3 June 2015
In continuing efforts to save its rhino population from poachers, Kruger National Park (KNP) has installed three boom gates on access roads north of the Sabie River into an area designated as an intensive protection zone (IPZ).
A combination of resources and technology has been intensified in the IPZ to provide a more secure environment for the rhino in the park. The boom gates are meant to control night movement of people to minimize risk factors associated with late travelling between sunset and sunrise.
They will be manned by the park’s rangers and will be operational effectively from 5 June. The IPZ barriers are found on: H1-2 road north-east of the Sand River low water bridge, H12 road on the Sabie high level bridge and on H10 between Lower Sabie and Tshokwane.
“We are continuously taking steps to increase security in the park in our quest to continue to provide security for our rhino, which [are] severely under attack by poachers. Restrictions at these areas will allow us to closely monitor the movements associated with nightfall,” said the Kruger’s general manager of communications and marketing, William Mabasa.
Part of the long-term plan around the IPZ is to improve fencing on the western and eastern borders, which will include fixed obstacles. “These strategies are expected to improve on assessment in terms of surveillance, early warning and detection,” Mabasa concluded.
In a second move to bolster the fight against rhino poaching, four 4X4 forensic trailers were handed to South African National Parks (Sanparks), the North West department of economic development, environment, conservation and tourism, the Limpopo department of environment and tourism, and the Mpumalanga Tourism and Parks Agency.
The trailers, bought by the national Department of Environmental Affairs through funding provided by the Global Environment Facility and the UN Environment Programme (UNEP-GEF) Rhino Programme, will help in the investigation of rhino poaching and other wildlife crime.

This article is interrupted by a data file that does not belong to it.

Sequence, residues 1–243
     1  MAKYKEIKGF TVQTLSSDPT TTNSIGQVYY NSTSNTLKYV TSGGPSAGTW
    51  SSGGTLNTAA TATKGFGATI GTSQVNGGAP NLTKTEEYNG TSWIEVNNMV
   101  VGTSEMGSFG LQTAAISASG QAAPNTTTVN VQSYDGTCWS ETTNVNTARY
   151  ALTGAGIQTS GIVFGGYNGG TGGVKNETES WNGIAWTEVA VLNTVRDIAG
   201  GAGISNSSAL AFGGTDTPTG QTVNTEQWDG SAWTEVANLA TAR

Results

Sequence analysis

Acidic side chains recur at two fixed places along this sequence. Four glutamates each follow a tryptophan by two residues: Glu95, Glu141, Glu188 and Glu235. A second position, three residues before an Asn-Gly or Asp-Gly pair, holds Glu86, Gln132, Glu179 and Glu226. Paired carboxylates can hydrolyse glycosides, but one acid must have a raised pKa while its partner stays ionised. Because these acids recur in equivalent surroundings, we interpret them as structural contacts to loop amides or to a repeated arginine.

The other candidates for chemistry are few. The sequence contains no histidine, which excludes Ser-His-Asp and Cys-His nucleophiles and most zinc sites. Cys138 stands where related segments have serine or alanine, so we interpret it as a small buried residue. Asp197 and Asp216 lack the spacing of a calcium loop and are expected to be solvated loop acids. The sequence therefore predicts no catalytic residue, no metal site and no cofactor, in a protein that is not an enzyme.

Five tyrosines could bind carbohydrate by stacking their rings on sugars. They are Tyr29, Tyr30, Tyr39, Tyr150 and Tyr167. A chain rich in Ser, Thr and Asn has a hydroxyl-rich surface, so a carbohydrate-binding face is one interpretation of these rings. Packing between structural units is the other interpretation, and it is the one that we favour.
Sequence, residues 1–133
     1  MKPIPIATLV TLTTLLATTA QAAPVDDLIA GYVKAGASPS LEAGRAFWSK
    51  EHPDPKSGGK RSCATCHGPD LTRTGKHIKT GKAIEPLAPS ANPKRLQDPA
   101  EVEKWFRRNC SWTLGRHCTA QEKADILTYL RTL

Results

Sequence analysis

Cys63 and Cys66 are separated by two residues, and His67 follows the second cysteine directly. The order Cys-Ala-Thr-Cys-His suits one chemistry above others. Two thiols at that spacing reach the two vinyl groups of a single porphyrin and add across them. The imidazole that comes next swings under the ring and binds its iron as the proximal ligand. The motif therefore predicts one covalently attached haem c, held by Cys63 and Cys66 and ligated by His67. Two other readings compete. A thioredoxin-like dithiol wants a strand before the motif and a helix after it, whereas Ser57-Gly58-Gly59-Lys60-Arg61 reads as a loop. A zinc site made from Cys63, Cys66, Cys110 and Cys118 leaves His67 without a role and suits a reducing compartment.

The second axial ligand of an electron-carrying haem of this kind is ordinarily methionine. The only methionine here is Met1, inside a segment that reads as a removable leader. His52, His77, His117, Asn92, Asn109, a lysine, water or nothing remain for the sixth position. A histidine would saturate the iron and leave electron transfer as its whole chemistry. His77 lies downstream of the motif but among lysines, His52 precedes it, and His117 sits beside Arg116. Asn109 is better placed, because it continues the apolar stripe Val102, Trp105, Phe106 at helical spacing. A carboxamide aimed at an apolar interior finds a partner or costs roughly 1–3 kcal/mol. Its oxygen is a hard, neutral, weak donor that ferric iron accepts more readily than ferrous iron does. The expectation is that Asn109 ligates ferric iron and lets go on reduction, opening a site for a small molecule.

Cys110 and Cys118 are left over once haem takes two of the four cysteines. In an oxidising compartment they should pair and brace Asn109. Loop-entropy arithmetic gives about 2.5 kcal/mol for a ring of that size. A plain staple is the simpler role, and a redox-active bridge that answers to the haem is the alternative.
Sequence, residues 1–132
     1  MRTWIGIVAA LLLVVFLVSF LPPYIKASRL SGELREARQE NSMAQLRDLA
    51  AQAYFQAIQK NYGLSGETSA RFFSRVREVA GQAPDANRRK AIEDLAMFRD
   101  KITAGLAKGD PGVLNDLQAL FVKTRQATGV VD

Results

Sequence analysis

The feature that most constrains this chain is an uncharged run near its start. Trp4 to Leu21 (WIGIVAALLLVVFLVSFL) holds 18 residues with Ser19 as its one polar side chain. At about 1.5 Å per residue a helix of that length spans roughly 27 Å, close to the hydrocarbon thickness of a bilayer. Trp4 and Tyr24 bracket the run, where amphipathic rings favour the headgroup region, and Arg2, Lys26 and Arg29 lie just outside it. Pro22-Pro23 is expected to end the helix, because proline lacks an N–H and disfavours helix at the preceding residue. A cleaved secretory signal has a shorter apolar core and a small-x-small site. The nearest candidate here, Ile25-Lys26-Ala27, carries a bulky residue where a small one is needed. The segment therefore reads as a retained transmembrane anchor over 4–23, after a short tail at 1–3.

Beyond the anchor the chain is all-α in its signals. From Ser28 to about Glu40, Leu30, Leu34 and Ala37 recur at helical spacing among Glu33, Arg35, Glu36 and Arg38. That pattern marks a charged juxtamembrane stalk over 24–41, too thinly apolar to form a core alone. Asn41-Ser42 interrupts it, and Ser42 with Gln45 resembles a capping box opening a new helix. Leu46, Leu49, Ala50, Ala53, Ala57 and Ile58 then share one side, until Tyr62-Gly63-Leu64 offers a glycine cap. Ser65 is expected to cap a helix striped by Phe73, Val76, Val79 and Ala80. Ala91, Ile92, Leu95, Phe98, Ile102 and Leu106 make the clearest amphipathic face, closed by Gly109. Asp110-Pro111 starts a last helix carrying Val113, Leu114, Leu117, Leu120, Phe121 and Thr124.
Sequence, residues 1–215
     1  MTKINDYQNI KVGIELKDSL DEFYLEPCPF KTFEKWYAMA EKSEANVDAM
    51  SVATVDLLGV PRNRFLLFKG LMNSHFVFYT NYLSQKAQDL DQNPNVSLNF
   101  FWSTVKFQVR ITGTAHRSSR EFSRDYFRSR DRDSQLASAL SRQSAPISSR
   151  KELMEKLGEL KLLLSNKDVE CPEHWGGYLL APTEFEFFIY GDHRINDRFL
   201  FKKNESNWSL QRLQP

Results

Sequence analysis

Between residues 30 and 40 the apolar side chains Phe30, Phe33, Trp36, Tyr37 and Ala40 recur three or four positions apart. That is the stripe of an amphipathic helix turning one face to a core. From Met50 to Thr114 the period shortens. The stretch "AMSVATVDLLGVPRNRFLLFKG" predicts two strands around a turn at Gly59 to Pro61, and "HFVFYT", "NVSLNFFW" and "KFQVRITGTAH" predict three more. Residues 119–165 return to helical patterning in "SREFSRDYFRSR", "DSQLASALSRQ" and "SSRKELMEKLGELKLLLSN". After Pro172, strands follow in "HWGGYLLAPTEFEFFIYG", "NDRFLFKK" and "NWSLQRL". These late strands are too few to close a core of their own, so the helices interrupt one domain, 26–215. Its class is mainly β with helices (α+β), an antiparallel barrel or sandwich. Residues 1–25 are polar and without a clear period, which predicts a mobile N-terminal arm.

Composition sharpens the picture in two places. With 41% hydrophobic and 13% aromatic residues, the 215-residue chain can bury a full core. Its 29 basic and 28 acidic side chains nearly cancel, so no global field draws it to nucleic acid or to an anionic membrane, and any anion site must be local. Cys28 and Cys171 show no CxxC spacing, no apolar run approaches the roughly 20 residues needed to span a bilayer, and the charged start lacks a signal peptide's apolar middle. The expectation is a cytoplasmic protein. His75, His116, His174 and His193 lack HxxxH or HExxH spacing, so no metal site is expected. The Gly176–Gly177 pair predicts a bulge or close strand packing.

Improved investigative capacity and crime scene management in respect of rhino poaching cases are among the measures outlined in the government’s Integrated Strategic Management of Rhinoceros. The programme was launched by Environmental Affairs Minister Edna Molewa on 12 August 2014.
When urgent forensic sample results are required for bail hearings involving suspected poachers, it is vital the samples are processed to ensure that the evidence in question is not only acceptable, but delivered within a specified time frame for court purposes. This would be one example of when the trailers would be used.
Furthermore, correctly collected and handled samples meet chain of custody requirements critical for successful prosecution. This type of evidence can help in among others, placing suspects at poaching crime scenes, identifying weapons used, and linking horns seized with rhino poached.
The trailers have been equipped with, among others: generators; mobile fridges to store genetic material; metal detectors; electronic calipers; and, scales and knife sharpeners.
“This newly available equipment will further aid crime scene management in outlying areas where the correct equipment needed for on-scene forensic investigations is not readily available,” Molewa said.
The overall goal of the UNEP-GEF Rhino Programme is to improve efforts to combat wildlife crime in South Africa’s Protected Area System, with a focus on rhinoceros. This is done through improved forensic technologies and capabilities, particularly DNA-based forensics, and data sharing and co-ordination systems between relevant groups, to better control the recent upsurge in poaching of rhinoceros in South Africa.
The four forensic mobile units will be used by the four environmental management inspectorate institutions that have been prioritised given the large volume of biodiversity rhino crime scenes.
The trailers were officially handed over by Molewa. Ezemvelo KZN Wildlife and Free State have already received similar trailers through a donation from the US Department of State.
“The Department of Environmental Affairs has long acknowledged that the fight against rhino poaching cannot be won alone, and in this regard we are grateful for the support of our international partners,” Molewa said.
Funding from the UNEP-GEF Rhino Programme was also used to provide advanced crime scene management training. Further courses are scheduled for later in the year. Funding from the programme will also be used to convene a Magistrate Awareness Symposium in August, as well as a Prosecutor Training Conference planned to take place in November.
Source: South African National Parks